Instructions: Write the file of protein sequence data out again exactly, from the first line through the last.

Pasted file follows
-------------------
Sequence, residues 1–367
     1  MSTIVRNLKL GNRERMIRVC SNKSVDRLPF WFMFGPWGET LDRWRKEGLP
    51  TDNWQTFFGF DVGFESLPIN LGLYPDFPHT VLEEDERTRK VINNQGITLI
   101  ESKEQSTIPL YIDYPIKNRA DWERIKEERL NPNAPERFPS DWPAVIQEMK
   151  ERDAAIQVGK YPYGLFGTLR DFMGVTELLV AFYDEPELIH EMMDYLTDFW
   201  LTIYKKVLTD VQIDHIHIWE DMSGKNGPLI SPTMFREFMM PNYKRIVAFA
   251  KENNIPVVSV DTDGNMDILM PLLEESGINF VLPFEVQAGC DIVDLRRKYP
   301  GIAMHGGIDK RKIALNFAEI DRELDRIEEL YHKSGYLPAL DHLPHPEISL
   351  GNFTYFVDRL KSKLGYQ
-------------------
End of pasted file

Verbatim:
Sequence, residues 1–367
     1  MSTIVRNLKL GNRERMIRVC SNKSVDRLPF WFMFGPWGET LDRWRKEGLP
    51  TDNWQTFFGF DVGFESLPIN LGLYPDFPHT VLEEDERTRK VINNQGITLI
   101  ESKEQSTIPL YIDYPIKNRA DWERIKEERL NPNAPERFPS DWPAVIQEMK
   151  ERDAAIQVGK YPYGLFGTLR DFMGVTELLV AFYDEPELIH EMMDYLTDFW
   201  LTIYKKVLTD VQIDHIHIWE DMSGKNGPLI SPTMFREFMM PNYKRIVAFA
   251  KENNIPVVSV DTDGNMDILM PLLEESGINF VLPFEVQAGC DIVDLRRKYP
   301  GIAMHGGIDK RKIALNFAEI DRELDRIEEL YHKSGYLPAL DHLPHPEISL
   351  GNFTYFVDRL KSKLGYQ